Python How to Handle Data Unstructured From Text File

jainsaniya

New Member
Aug 27, 2020
2
0
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vijayawada
codegnan.com
i have file python format like this.

# Jon Doe
# 27212000-C
# Calorina, 06/03 1993
# South Calorina Jaka Km 1
# Num 009.006
# Calorina. 11710, Tp.108437347343
# joe.st'a gmail.com
# 20-09-2016 Akn

# 36412506/E.15262
# Jakarta, 13/10/1994
# II, Let.jend, Soeprapto Gang Siaga
# V RT 005/03
# Jakarta, 10640. Tp.
# 22-09-2016/T Info

# Jenny Doe
# 5641141 2/E.15263
# Zimbabwe, 05/06/1993
# Mujair Street Iv No.185
# Mujair, 15116. Tp.04545454
# jenny@gmail.com
# 22-09-2016/T Info

# Igor Kart
# 36412777/E,15264
# Kongo, 30/10/1994
# Kp. Pintu Air Kel. Pabuaran Kec.Boj
# onggede Kab.Bogor RT 04/09
# Bogor, 16320. Tp,107262626
# igor.@gmail.com
# 22-09-2016T Info


how get best structure data from the output? i want get a result csv like this. Good_format.csv

Name Code Bday Address Phone Email Info
Jon Doe 27212000-C Calorina, 06/03 1993 South Calorina Jaka Km 1Num 009.006 Calorina. 11710 108437347343 joe.st'a gmail.com 20-09-2016 Akn
Jenny Doe 5641141 2/E.15263 Zimbabwe, 05/06/1993 Mujair Street Iv No.185 Mujair, 15116. 04545454 jenny@gmail.com 22-09-2016/T Info
Igor Kart 36412777/E,15264 Kongo, 30/10/1993 Kp. Pintu Air Kel. Pabuaran Kec.Bojonggede Kab.Bogor RT 04/09Bogor, 16320. 107262626 igor.@gmail.com 22-09-2016T Info
and record bad format to log.txt. i need bad format for me to fix it again.

# 36412506/E.15262
# Jakarta, 13/10/1994
# II, Let.jend,
# V RT 005/03
# Jakarta, 10640. Tp.
# 22-09-2016/T Info
 

alessio

New Member
Aug 14, 2020
2
0
1
I don't think there is an easy, beatiful solution to your problem: The format even of the "good" records varies too much. E.g. Jenny Doe uses seven lines while Jon Doe and Igor Kart use eight, yet all three should be considered good. Then Tp (telephone?) can use either "Tp," or "Tp.", the birthdate format differs etc.

Your best bet seems to be to write a custom parser with some heuristic for the fields and iteratively refine it with the output of your "log.txt".

Something to get you started:

Python:
import csv  # or use pandas

def parse_all(text, columns):
    good = []
    bad = []
    # The "rows" in your final csv
    records = dta.split('\n\n')  # separated by an empty line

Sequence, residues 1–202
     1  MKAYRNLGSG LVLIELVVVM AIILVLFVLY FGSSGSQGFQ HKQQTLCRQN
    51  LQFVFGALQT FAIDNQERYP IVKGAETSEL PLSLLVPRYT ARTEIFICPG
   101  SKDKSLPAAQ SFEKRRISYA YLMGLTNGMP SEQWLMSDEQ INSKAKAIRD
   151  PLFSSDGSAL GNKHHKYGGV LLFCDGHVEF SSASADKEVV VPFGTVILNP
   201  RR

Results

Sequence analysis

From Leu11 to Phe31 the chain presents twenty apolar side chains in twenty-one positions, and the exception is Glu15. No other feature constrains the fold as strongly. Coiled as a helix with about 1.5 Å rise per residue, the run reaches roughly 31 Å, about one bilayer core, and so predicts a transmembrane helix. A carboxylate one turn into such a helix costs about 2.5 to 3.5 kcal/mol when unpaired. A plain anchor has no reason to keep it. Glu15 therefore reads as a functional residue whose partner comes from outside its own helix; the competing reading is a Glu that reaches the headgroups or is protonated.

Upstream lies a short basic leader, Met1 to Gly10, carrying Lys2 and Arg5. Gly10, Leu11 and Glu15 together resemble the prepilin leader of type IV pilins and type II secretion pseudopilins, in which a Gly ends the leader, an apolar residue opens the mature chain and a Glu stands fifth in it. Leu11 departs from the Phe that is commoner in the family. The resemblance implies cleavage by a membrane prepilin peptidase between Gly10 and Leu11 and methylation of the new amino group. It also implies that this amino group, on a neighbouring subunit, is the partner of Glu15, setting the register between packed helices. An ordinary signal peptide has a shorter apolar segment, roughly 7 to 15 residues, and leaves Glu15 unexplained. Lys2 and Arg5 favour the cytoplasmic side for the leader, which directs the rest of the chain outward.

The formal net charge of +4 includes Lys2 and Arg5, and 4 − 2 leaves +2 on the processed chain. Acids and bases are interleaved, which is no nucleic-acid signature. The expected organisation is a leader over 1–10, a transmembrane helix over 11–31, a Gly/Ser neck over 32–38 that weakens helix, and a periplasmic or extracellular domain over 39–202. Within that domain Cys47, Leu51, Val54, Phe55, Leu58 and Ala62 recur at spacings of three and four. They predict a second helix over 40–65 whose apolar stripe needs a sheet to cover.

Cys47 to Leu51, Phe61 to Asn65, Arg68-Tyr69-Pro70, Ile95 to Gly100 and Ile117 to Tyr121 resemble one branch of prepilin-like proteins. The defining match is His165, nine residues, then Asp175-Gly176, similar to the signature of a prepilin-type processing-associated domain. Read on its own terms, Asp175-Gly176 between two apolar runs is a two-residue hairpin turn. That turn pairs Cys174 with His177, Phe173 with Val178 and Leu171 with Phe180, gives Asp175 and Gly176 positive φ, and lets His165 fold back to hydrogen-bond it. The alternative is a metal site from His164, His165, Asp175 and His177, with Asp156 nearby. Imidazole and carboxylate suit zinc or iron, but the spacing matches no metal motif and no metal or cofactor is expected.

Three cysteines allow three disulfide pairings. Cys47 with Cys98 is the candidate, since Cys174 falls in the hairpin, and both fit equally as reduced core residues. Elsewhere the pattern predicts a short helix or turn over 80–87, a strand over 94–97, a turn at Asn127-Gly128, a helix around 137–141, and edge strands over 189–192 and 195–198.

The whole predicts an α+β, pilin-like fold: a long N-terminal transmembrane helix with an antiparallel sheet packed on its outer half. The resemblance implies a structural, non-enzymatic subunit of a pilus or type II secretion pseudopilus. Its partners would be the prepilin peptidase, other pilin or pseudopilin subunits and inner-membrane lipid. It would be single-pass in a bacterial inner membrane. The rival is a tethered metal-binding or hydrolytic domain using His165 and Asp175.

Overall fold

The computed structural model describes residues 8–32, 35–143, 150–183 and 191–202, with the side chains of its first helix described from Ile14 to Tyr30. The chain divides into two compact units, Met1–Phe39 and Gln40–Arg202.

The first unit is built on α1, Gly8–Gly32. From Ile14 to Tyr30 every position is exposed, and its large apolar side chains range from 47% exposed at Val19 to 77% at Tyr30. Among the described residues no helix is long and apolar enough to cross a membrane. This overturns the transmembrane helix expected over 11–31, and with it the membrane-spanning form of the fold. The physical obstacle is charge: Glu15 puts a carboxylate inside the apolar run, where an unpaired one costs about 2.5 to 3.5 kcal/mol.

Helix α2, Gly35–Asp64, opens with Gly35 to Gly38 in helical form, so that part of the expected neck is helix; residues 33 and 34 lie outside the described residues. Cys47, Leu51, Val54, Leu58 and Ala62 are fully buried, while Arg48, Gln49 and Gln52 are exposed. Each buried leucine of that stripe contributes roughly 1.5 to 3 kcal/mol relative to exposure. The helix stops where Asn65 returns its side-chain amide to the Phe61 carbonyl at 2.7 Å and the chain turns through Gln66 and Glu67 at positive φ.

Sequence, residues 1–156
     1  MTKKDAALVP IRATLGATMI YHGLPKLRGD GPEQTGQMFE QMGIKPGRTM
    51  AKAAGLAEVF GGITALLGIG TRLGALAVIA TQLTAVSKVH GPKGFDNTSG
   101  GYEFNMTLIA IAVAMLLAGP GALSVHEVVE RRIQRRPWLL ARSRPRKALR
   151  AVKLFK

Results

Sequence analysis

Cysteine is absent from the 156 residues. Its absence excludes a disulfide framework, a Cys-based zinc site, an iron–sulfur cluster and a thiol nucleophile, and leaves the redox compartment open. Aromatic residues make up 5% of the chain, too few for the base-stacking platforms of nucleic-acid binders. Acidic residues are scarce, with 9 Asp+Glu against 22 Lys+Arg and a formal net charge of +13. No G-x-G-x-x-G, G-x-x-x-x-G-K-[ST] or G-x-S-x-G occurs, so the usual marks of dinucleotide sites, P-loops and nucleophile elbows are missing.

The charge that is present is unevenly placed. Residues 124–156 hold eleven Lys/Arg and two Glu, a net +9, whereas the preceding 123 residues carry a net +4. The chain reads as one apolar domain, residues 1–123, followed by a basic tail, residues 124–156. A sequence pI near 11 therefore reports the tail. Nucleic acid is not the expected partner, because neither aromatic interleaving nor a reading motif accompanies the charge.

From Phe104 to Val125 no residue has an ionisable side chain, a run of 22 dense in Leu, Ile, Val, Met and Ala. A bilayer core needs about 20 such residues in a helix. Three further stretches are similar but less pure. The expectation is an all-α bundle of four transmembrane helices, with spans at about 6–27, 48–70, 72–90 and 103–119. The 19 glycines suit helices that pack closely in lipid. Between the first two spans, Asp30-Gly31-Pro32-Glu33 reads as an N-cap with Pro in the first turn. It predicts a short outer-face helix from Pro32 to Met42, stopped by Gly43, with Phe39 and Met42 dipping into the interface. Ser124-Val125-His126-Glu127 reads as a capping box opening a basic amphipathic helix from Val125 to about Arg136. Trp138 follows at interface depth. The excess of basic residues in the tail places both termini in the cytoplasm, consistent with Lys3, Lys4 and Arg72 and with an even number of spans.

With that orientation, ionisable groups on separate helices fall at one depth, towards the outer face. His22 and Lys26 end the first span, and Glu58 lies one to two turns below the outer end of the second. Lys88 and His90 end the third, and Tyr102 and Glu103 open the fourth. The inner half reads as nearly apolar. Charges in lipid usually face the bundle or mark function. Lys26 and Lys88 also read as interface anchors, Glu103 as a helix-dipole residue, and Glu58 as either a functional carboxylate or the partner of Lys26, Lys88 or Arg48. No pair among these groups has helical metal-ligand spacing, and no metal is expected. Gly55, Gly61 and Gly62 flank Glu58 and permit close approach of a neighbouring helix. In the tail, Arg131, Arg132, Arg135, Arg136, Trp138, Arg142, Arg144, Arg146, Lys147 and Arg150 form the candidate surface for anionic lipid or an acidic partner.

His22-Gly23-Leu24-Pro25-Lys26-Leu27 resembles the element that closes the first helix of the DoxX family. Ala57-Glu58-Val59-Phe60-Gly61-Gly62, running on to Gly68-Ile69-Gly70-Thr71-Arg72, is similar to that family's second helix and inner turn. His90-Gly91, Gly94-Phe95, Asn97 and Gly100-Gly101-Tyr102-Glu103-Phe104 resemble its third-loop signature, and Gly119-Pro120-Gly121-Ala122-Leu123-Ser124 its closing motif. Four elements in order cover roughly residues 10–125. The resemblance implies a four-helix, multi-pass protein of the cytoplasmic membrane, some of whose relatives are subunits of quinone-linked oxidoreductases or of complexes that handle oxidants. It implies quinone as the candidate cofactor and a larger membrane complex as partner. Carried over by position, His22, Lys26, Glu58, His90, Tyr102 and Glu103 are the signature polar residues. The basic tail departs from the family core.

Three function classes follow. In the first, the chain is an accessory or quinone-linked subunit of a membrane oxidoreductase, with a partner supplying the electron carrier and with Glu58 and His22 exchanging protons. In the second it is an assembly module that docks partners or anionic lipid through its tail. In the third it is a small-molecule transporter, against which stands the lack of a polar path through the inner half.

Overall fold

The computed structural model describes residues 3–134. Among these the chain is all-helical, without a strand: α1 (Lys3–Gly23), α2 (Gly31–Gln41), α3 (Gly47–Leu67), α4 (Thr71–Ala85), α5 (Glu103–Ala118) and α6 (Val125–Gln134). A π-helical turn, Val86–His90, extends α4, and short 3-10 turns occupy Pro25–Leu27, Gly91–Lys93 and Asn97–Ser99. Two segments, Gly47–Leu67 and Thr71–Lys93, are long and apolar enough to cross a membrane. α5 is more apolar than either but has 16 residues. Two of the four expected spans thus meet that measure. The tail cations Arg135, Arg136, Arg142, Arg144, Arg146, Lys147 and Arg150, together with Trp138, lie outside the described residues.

for record in records:
        fields = parse(record)
        if len(fields) == len(columns):
            good.append(fields)
        else:
            bad.append(record)
           
    return dict(good=good, bad=bad)


with open('unstructured.txt', 'r') as src:
    raw = src.read()

# What you want to find
columns = 'Name', 'Code', 'CoB', 'DoB', 'Address', 'Phone', 'Email', 'Info'
result = parse_all(raw, columns)

# "Bad" records
with open('log.txt', 'w') as log:
    log.write('',join(result['bad']))

# "Good" records
with open('Good_format.csv', 'w') as out:
    writer = csv.DictWriter(out, fieldnames=columns)
    writer.writerheader()
    for row in good:
        writer.writerow(dict(zip(columns, row)))

For starters, you could use something simple for parse(), such as
Python:
def parse(record):
    """
    Separate fields by new line + hashtag.
    Alas, not many records use this format...
    """"
    return ('\n' + record).split('\n# ')[1:]
To refine this, perhaps try to search for the email. This should be fairly easy to detect (at-sign?) and perhaps help to find the number of address rows. Or try to match number formats for telephone or DoB.
 

larrysb

Active Member
Nov 7, 2018
107
45
28
Welcome to data science. Which is mostly the unglamorous practice of, "how do I clean up this mess?"
 
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larrysb

Active Member
Nov 7, 2018
107
45
28
On the assumption that your data set was generated by machine, one approach might be:

1. Determine the delimiter(s) which separate one record from another.
2. Try to find patterns in the fields in the records, with records of similar format being a "species."
3. Identify the hallmarks of each species, then sort the records into groups of species with automation.
4. Validate the separated records meet the expected formats.
5. Repeat if sub-species are discovered. Iterate until all species of record are discovered.
6. Map the discovered species of record formats into the desired format.

If the data was machine created, then it will have certain field formats, even if humans entered the data with lots of errors. If you have access to the software that wrote the data, then you can easily write rules to ferret it out. If you don't, you'll have to be creative and iterate until you find the patterns.

If it was all jotted down by humans without any structure, good luck. It may become an entirely human effort.